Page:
Back in 1999, I took a wonderful online class on grief counseling. I learned about different ways different cultures deal with grief and about complications surrounding grief. The thing I remember most is the importance of being with people who are grieving so they can work through their grief in ways that fit their situation. One line sticks with me, many years afterwards, “Bring donuts”. It is a simple way of saying, I care, I’m here to help in whatever way you need.
Today, the Dunkin Donuts in Middletown does not have any donuts. Staff didn’t make it in on time to make donuts, so my co-workers brought me muffins instead.
I arrived at work early today, so I could help with the emergency communications following Hurricane Sandy. The power was out at our house and many of the roads in Woodbridge were blocked by downed trees so I took a circuitous route.
At work, I spoke with other members of the technology and communications teams about which sites would be opening when and how best to get the message out. Then, I got a message from my sister via Facebook. She knows that Facebook is normally one of the quickest and easiest ways to get in touch with me. She asked me to call immediately.
From her, I learned that my mother died last night in a car accident. My sister was very shaken. For me, the initial shock moved to numbness. I told my coworkers and started contacting friends and family.
Perhaps some of the way I process grief is by staying calm and doing the tasks at hand. I’ve stayed at work, hoping that power will get restored soon, and doing what I can from here. I’ve spoken with many friends who are being very supportive, and I greatly appreciate it. We all have different ways of dealing with grief and my calm quietness is part of how I am dealing with grief right now.
Another part of how I deal with grief is to write. I love to write and it helps me deal with these deep feelings. Do not be surprised if I write several blog posts along these lines. Later, when I’m ready, I hope to write memories of my mother.
Over the coming days, I will do what I can for my job, for my campaign, for my family, and for myself. Thank you to everyone who has expressed condolences.
It is a beautiful autumnal evening and a great night to watch for shooting stars. The annual Orionid meteor show peaks this evening. I love meteor showers and often stay up to watch them. I've thought about what to wish on a shooting star this evening, perhaps something about the election, but then, I thought back to the story of the Orionid meteor showers.
They are formed from the dust that Halley's Comet left in its wake the last time it passed by in 1986. This summer, at Falcon Ridge, I heard a great band called Gathering time. Their song, Halley's Comet, was one of my favorites.
It was 1985, when Halley's comet came in view
and if I didn't see it then, it'd be a long, long wait I knew,
I lived in a college town where street lights made stars hard to see
To see it well, I'd have to walk
Unto the school observatory
Though it was often on my mind,
I somehow never found the time
and it had all but vanished when
I knew I'd missed my chances then…
The song goes on to talk about living in Brooklyn, and missing chances to visit the World Trade Center or reconnect with a friend who died on 9/11.
It is a beautiful song about missed opportunities, and a reminder to seize the day.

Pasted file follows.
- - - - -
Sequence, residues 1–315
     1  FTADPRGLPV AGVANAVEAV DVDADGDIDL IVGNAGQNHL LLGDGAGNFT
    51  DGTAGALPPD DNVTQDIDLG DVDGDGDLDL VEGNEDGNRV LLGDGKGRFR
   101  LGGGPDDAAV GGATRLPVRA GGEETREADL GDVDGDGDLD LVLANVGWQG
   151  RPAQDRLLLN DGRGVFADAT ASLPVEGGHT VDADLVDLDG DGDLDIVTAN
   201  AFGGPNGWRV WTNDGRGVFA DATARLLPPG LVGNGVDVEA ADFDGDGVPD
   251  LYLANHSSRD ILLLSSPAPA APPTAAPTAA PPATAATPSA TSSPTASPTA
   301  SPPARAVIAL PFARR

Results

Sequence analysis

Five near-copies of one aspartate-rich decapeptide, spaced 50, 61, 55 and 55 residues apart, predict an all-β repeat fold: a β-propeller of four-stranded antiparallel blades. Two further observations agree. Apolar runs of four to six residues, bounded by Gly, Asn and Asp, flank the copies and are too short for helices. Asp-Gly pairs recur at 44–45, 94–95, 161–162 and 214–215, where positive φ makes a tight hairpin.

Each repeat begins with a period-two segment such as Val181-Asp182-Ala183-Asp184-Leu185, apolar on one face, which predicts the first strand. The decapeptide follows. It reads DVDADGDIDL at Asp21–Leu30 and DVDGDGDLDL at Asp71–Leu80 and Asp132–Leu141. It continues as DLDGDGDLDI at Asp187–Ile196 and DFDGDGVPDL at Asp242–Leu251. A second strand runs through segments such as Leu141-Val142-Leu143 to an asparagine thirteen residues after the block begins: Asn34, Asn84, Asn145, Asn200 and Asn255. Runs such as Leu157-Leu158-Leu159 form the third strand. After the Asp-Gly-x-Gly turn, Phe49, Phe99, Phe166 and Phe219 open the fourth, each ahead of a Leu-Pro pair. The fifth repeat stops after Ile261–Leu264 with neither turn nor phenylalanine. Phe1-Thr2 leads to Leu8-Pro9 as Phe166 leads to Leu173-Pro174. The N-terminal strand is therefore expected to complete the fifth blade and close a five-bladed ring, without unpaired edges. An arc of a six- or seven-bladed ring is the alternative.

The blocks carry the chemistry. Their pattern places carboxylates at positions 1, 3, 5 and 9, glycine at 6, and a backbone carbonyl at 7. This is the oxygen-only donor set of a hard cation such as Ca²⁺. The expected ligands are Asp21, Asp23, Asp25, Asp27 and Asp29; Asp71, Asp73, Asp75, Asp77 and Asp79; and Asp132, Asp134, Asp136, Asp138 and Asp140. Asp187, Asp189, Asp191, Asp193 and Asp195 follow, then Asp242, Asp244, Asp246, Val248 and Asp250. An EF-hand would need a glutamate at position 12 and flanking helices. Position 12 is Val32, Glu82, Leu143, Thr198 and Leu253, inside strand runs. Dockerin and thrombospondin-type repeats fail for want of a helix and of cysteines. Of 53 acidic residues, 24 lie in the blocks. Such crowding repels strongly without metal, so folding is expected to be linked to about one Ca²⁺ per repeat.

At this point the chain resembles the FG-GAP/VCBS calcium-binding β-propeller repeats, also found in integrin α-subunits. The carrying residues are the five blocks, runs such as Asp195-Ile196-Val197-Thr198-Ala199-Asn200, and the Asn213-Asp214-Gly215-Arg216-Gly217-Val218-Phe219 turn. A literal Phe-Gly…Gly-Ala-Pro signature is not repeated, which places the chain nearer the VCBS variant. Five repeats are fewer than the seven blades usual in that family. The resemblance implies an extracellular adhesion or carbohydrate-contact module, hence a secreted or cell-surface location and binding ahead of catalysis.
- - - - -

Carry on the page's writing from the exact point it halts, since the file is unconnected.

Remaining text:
Halley's comet won't be back until I am over 100, but every year, we get the opportunity to catch glimpses of its remnant streaking across the sky in the Orionid Meteor Showers.
Will I see shooting stars tonight? if so, will my wishes on shooting stars come to pass? I'll need to seize the day, and try to make my dreams come true.
As I pulled onto the Wilbur Cross Parkway in New Haven, I looked up the road towards the Heroes Tunnel. On the New Haven side, all was grey, shrouded in an early morning autumnal fog. You couldn't even see the trees that surround the tunnel entrance. Yet looking down the parkway, through the tunnel, I could se bright yellow light at the other end. It was striking, not only for its beauty but as a highly cliched metaphor;the light at the end of the tunnel.
When I emerged on the other side, the sun was out, illuminating the brightly colored leaves which had recently changed color. Thin wisps of fog were threaded amongst the trees; a gentle reminder of the grey behind. If I had read the description in a novel, it would have seemed contrived, but here, it was beautiful. I thought of what's been going on in my own life. What is the light at the end of the tunnel for me, right now? Is it election day? Am I riding from a foggy present into a bright sunny future? What of the autumn leaves? They are both beautiful, but also harbingers of the coming winter. I'm sure that political soothsayers can find plenty of omens for me.
My thoughts drifted to church yesterday. During the sermon, the priest spoke about becoming like a child to enter the Kingdom of Heaven. She spoke about how the Kingdom of Heaven is at hand. Then, she told a story about her daughter, waking up with song to celebrate the refracted light on her ceiling which she saw as a glorious rainbow.
The thought stayed with me as I drove to work, keeping my eyes open for the beauty around us, that we too often miss. There is less than a month until election day. It will be an incredibly busy month, but hopefully, I can keep an eye out for the beauty along the way.
Rabbit, Rabbit, Rabbit. October roles around, the first full month of Autumn. It is dark when I get up, except for the lingering light of the setting harvest moon. I've often wondered if I have Seasonal Affective Disorder. It is harder for me to get going during these shorter days. At work, I have a light that Kim got me last year to get more simulated daylight.